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How Did Trump Commemorate 9/11? He Spoke At The Pentagon

After a hectic weekend already heavy with mourning following a series of natural disasters, the nation had another tragedy in mind. On Monday morning, President Donald Trump commemorated the anniversary of the 9/11 terrorist attacks with a moment of silence and a speech. Monday, Sept. 11, marked 16 years since the coordinated hijacking of four consumer airplanes aiming for national landmarks crashed, leaving about 3,000 dead and another 6,000 injured, with individuals from 57 countries.

At 8:46 a.m., the time when the first plane crashed into the World Trade Center, President Trump and First Lady Melania led a moment of silence on the White House lawn. At the Pentagon, the site of one of the other three plane crashes that day, President Trump gave a speech in observance of the attack. The speech read in part,

For the families with us on this anniversary, we know that not a single day goes by when you don't think about the loved ones stolen from your life.  Today, our entire nation grieves with you and with every family of those 2,977 innocent souls who were murdered by terrorists 16 years ago.

His remarks were echoed by Donald J. Trump for President, Inc., the president's official campaign organization, which released a statement on the anniversary as well. In it, Executive Director Michael S. Glassner was quoted saying,

President Trump and many of us in the campaign headquarters in New York City still remember 9-11 as if it just happened. We join all Americans to pause and reflect in prayer and mournful remembrance today. We also join the President in drawing from the memories of this day to inspire and motivate us to ensure that a 9-11 never occurs on our soil again and to confront the evils that persist to destroy our freedoms.

As of 2 p.m. ET, the president had not yet tweeted any commemoration or acknowledgement of the 16-year anniversary. His wife, though, did, sharing a photo from the moment of silence held this morning at the White House.

Former President Barack Obama, as well, shared a message in honor of the day.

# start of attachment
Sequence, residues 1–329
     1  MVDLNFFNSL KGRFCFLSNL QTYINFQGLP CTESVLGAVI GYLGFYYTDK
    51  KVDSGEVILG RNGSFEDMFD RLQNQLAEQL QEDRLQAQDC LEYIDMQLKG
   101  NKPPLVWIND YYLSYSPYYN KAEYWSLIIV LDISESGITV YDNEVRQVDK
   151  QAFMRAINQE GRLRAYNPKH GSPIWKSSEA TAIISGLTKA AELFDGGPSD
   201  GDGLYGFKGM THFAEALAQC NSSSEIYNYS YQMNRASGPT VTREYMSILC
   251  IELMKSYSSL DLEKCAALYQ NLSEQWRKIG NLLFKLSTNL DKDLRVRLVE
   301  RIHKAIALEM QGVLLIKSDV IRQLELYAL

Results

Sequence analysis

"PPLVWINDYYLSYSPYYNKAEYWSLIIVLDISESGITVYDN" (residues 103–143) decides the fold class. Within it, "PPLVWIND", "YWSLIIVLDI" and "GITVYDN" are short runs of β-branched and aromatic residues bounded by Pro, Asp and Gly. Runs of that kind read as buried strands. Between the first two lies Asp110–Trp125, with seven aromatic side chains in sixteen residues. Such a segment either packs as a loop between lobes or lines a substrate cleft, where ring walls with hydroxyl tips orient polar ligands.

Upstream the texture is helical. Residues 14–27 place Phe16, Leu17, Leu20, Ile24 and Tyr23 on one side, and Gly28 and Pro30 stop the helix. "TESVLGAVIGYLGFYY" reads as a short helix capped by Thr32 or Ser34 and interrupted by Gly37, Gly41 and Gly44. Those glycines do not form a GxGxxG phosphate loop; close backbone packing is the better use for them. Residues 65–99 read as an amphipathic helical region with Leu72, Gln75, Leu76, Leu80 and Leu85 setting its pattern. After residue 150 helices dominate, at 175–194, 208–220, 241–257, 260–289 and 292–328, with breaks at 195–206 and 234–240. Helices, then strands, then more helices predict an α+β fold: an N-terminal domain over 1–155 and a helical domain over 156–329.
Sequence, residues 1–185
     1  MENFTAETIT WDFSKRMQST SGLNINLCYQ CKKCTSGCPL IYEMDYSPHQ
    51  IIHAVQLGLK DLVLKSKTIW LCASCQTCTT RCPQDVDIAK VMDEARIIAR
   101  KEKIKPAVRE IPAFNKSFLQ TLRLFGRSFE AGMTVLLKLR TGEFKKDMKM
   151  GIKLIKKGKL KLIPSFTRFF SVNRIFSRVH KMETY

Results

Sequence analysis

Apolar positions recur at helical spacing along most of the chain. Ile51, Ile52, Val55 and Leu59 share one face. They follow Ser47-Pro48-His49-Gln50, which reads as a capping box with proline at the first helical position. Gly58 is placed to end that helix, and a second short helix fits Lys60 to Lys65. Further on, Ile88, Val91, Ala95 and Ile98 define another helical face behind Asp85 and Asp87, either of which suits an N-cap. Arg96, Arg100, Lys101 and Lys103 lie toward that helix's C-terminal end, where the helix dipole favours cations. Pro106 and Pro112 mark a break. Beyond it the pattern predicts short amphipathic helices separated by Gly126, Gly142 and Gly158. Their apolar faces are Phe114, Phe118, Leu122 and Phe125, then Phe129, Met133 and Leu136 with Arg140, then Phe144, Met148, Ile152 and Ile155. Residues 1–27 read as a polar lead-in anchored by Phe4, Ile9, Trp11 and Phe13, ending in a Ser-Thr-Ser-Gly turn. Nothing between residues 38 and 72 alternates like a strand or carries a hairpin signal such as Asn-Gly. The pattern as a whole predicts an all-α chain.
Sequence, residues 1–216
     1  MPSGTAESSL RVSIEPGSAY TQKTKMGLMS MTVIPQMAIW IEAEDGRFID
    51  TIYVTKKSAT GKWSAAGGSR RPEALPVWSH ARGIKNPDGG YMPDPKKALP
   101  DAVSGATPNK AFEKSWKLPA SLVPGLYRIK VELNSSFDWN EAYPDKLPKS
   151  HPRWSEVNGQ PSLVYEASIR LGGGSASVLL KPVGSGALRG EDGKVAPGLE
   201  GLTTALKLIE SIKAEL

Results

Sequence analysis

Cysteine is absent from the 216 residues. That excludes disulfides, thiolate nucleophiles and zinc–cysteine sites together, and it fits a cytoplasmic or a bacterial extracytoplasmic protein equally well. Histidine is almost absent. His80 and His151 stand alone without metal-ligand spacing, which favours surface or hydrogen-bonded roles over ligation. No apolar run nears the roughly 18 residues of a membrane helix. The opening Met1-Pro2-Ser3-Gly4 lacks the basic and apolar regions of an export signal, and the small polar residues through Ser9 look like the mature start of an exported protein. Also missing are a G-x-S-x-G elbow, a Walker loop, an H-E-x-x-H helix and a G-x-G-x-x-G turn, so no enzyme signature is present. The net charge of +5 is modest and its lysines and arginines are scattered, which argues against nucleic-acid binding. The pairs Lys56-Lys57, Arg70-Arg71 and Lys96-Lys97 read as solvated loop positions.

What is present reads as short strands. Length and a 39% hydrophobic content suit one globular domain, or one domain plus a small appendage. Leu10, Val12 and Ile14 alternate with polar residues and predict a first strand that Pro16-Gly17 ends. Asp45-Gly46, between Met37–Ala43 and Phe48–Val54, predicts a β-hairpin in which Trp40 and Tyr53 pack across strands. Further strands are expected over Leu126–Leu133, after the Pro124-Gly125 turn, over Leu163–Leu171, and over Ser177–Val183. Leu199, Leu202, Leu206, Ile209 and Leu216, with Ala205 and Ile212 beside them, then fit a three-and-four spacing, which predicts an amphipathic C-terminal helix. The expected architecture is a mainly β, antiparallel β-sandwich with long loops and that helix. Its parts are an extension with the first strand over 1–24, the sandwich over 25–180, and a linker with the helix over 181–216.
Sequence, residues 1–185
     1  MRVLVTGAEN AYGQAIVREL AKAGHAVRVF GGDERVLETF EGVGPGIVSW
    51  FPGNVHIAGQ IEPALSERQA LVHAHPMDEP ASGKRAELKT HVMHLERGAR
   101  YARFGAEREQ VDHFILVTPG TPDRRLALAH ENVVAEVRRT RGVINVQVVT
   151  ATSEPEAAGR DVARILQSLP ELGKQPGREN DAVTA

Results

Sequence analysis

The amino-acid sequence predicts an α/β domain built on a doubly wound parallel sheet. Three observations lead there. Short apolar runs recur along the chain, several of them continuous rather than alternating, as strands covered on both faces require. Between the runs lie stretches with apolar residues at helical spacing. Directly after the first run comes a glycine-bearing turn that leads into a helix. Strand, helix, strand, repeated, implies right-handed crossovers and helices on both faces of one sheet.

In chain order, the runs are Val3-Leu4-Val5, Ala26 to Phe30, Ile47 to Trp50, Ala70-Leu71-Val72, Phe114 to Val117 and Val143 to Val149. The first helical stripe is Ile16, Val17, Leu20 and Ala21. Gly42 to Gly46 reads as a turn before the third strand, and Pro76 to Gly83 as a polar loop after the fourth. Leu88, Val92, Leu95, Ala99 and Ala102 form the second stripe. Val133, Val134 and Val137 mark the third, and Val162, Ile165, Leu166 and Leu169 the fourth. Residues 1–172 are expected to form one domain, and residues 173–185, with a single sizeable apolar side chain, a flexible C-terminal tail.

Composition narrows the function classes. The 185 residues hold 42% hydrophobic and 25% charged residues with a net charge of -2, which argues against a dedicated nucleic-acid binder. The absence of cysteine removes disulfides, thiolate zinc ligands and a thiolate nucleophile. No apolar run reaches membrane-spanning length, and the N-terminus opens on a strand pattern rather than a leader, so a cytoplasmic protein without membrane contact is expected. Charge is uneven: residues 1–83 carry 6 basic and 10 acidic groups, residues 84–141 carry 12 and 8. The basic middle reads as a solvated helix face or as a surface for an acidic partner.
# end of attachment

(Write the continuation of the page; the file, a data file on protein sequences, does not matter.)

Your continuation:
But some were critical of Trump's former responses to the tragic day.

The New York native drew especially sharp criticism for discussing the height of his building immediately after the wreckage.

Regardless of what he'd said before, President Trump's speech on Monday seemed uncharacteristically eloquent, though it tread a bit heavy on the sensational rhetoric for my taste. A sampler:

American forces are relentlessly pursuing and destroying the enemies of all civilized people, ensuring -- and these are horrible, horrible enemies -- enemies like we've never seen before. ... We are making plain to these savage killers that there is no dark corner beyond our reach ...

Compare Trump's speech to the one former President Obama gave on the 15th anniversary in 2016, and you'll notice a comparable absence of the words "evil," "barbaric," "savage," or "enemies" in the latter. Many news reports, as well, latched onto the extreme, cloaked-threat terms the president used in his address: "horrible, horrible enemies," for example, "enemies like we've never seen before," and "vanquished enemies." (Really, was all that necessary?)

Certainly, this seemed to be a dramatic shift from the Trump who spoke of the Charlottesville attack last month. Looking at both remarks side by side, most telling was where the "evil" lied: for 9/11, the "terrorists" were "savage killers" promoting evil; for Charlottesville, it was "racism," which was "evil," and its purveyors were merely "criminals and thugs." (At what point does a group of people take ownership of the evil they create? But hey, maybe I'm reading into it.)

In any case, it was only the first of President Trump's first addresses marking the tragedy. And on this day, in whatever form it comes, honoring the victims -- and heroes -- is what's most important.